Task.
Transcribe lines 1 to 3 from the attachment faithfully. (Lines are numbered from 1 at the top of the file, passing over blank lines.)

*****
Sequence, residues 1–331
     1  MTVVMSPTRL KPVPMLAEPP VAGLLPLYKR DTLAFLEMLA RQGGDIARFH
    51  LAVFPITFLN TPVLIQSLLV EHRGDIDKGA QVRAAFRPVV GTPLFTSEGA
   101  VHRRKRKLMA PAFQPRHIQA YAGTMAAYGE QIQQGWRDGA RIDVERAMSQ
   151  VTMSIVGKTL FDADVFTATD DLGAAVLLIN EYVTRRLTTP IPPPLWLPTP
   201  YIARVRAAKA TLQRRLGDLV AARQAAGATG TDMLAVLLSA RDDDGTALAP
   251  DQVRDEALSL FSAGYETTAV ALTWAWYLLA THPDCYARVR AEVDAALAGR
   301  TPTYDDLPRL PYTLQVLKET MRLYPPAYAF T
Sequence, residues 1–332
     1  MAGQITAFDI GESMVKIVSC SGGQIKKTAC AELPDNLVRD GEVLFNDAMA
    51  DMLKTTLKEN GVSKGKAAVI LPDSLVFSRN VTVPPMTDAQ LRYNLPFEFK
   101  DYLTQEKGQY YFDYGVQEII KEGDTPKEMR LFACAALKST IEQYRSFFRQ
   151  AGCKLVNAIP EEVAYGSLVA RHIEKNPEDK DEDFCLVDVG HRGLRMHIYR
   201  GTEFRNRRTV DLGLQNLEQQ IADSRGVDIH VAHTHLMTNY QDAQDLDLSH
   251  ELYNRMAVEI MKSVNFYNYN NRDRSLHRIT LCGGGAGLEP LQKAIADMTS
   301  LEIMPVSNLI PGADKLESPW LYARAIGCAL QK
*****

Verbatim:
Sequence, residues 1–331
     1  MTVVMSPTRL KPVPMLAEPP VAGLLPLYKR DTLAFLEMLA RQGGDIARFH
    51  LAVFPITFLN TPVLIQSLLV EHRGDIDKGA QVRAAFRPVV GTPLFTSEGA